07/05/2011 3:25PM

Arlington Park: Weld looking for fourth American Derby win

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Benoit & Assocites
Wasted Tears will stretch to 1 3/16 miles Saturday in the Modesty at Arlington Park.

ARLINGTON HEIGHTS, Ill. – The three graded turf stakes on Saturday’s Million Preview Day program all should come up with at least decent-sized fields when the races are drawn Wednesday. Arlington racing officials expect at least 10 entrants in the Grade 2, $300,000 American Derby, and are hopeful of getting nearly as many in the other two Grade 3, $150,000 stakes, the Modesty and the Arlington Handicap.

The American Derby, second leg of Arlington’s Mid-America Triple for 3-year-old turf horses, will have an overseas presence, with Irish trainer Dermot Weld sending in Cannon Hill for the race. Weld has won the American Derby three times, with Pine Dance in 2000, Evolving Tactics in 2003, and Simple Exchange in 2004, but his last two starters in the race – Perfect Casting in 2007 and Golden Arrow the year before – both finished fifth. In 2008, Winchester came for the last leg of Arlington’s turf series, the Secretariat, and won it. Cannon Hill, a gelded son of Holy Roman Emperor owned by Bertram Firestone, has never won a race of consequence and has only one win of any sort in his career. He has, however, fared decently against some excellent competition. Last summer, for instance, he came within a half-length of recent Irish Derby winner Treasure Beach in a maiden race.

Wasted Tears and Fantasia head what should be a strong edition of the Modesty, a prep for the Grade 1 Beverly D. Wasted Tears scored a five-length win in the Grade 3 Ouija Board at Lone Star on May 30, her 2011 debut, and won 5 of 7 starts in 2010. The front-running 6-year-old mare has yet to race beyond 1 1/8 miles and will be stretched out to 1 3/16 miles Saturday. Fantasia is another miler-type and is coming off a second-place finish in the Grade 1 Just a Game at Belmont. The Matron field also is expected to include Never Retreat, a multiple graded stakes winner this year, and My Baby Baby, who captured the Grade 3 Mint Julep at Churchill last month.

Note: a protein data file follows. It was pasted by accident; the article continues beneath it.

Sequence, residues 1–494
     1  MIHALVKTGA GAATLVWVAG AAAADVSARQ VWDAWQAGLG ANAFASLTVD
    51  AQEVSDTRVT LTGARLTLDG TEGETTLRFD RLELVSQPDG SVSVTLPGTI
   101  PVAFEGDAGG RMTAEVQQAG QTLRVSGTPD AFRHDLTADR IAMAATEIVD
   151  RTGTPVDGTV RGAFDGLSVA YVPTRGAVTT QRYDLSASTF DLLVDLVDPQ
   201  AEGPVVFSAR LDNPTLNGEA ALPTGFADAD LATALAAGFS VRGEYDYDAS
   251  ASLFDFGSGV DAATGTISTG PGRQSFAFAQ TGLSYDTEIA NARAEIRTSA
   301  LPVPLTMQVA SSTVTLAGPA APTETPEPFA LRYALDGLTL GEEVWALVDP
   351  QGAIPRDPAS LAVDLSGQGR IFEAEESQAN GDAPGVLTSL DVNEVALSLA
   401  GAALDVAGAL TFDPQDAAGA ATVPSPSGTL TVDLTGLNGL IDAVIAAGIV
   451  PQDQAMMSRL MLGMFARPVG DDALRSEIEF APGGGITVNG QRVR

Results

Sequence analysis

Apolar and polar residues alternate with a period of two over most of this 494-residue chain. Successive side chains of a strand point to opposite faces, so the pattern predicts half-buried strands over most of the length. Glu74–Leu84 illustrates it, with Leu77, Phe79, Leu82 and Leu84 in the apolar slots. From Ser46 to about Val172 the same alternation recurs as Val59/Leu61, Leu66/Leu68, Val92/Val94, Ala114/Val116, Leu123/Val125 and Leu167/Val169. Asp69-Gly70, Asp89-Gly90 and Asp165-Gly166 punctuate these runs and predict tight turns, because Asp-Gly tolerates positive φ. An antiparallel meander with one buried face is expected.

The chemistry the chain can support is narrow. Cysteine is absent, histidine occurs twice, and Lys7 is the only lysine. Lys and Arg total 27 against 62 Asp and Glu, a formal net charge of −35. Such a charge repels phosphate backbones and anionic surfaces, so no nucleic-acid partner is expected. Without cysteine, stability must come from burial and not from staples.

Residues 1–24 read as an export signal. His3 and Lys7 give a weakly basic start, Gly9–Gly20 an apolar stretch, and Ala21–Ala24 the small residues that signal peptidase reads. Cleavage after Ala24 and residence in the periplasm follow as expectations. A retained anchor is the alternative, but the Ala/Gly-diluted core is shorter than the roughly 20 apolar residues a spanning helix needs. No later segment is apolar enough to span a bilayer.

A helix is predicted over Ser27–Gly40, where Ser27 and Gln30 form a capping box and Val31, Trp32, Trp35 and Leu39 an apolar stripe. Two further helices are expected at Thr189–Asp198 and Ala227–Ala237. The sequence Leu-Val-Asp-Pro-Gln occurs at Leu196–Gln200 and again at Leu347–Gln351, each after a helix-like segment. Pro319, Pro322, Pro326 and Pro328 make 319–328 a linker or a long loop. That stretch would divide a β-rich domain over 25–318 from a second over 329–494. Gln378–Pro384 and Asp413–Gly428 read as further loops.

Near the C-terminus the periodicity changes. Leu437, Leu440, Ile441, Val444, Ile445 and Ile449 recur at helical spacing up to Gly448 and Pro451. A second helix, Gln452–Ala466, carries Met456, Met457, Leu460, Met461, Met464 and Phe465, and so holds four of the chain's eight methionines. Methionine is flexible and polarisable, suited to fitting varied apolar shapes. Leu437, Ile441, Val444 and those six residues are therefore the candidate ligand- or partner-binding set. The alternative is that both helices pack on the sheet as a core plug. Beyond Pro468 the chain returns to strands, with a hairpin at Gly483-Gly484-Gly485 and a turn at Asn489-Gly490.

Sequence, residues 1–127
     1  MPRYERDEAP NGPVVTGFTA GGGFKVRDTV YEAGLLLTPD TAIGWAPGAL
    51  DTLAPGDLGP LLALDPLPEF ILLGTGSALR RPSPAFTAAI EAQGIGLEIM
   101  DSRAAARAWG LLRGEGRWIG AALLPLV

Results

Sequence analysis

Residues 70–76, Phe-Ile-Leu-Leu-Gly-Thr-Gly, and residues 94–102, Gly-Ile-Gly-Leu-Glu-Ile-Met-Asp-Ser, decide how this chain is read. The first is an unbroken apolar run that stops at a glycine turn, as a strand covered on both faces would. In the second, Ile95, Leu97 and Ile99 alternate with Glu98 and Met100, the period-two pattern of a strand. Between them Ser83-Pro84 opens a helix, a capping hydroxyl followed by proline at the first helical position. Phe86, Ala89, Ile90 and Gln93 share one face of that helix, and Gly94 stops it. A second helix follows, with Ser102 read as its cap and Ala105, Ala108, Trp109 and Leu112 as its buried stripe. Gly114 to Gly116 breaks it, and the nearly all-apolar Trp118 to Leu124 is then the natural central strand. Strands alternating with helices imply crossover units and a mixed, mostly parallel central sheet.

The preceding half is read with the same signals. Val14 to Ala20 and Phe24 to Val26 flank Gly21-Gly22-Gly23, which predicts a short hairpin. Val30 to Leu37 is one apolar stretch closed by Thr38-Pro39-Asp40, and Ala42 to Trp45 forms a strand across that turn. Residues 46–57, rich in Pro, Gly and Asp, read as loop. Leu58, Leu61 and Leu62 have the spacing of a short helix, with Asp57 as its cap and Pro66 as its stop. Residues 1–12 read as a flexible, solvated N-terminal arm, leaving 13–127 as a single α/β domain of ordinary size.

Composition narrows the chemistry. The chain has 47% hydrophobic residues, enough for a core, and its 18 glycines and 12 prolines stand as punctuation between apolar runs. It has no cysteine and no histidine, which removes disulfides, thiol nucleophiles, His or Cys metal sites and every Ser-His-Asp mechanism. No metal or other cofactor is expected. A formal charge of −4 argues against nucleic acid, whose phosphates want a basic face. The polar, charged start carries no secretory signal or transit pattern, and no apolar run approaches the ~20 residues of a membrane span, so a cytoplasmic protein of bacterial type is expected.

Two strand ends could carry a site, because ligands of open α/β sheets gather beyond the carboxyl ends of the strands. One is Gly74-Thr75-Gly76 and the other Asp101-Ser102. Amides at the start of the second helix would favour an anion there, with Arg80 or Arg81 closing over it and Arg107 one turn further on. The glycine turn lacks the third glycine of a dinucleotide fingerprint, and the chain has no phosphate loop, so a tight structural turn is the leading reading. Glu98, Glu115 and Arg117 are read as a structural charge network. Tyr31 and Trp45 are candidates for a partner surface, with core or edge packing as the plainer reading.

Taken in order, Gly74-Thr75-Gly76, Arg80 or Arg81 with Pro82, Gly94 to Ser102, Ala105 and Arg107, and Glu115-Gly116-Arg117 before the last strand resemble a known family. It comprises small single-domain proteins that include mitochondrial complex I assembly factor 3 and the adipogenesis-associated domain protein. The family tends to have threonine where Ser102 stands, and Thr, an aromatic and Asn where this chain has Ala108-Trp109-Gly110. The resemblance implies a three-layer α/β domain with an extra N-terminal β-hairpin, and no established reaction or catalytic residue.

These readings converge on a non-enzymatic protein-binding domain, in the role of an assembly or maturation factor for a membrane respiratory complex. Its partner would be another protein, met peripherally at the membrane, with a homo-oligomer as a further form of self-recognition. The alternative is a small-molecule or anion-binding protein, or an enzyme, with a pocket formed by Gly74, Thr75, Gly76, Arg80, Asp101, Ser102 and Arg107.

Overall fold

In the Arlington Handicap, Tajaaweed will try to improve upon his third-place finish in the 2010 edition of the race, which was won by Rahystrada. Tajaaweed most recently finished second in the Opening Verse Stakes at Churchill. The field for the Arlington Handicap remained in flux this past weekend, with a slew of horses deemed potential but uncertain runners.

Butler runners will miss stakes

English-based trainer Gerard Butler might have had a runner in the American Derby, but Burj Alzain was pulled up abruptly after a Sunday turf work and is out of the race.

Burj Alzain breezed seven furlongs in 1:31.40 under Junior Alvarado, who pulled Burj Alzain up less than a furlong past the finish and quickly dismounted. Butler ran onto the turf course, and Burj Alzain was taken off the track in a horse ambulance. A half-hour later, Burj Alzain was walking without lameness around the shed row.

“Junior did the right thing by pulling him up,” said Butler, who could initially find nothing wrong with Burj Alzain but said the American Derby was definitely out after the incident. “It took five years off my life.”

The Butler-trained Pachattack, a highly impressive winner of the Arlington Matron on May 28, suffered what Butler termed “a minor setback” following a six-furlong work in 1:13 on June 17. Missed training time cost Pachattack an intended start in the July 16 Delaware Handicap, but the mare has returned to training and is tentatively being pointed to the Beverly D. Butler, however, said he is eager to try Pachattack on dirt at some point.

◗ Jesus Castanon, who won the first three races Sunday at Churchill Downs and who scored his first Triple Crown victory when Shackleford won the Preakness Stakes in May, has moved his tack to Arlington and is scheduled to begin riding here Thursday. Castanon is represented by agent Dennis Cooper, who booked Arlington mounts for such leading local riders as Rene Douglas, Mark Guidry, and Shaun Bridgmohan.

◗ Former jockey Carlos Silva won his first race as a trainer when Heavenly Lass scored a half-length win in the fourth race Friday. Heavenly Lass is owned by the Asiel Stable, a longtime client of trainer Richard Hazelton, for whom Silva rode first call for many years.

Heavenly Lass was ridden to victory by Brandon Meier, who recently returned from an injury suffered early this year and has ridden two winners since his comeback.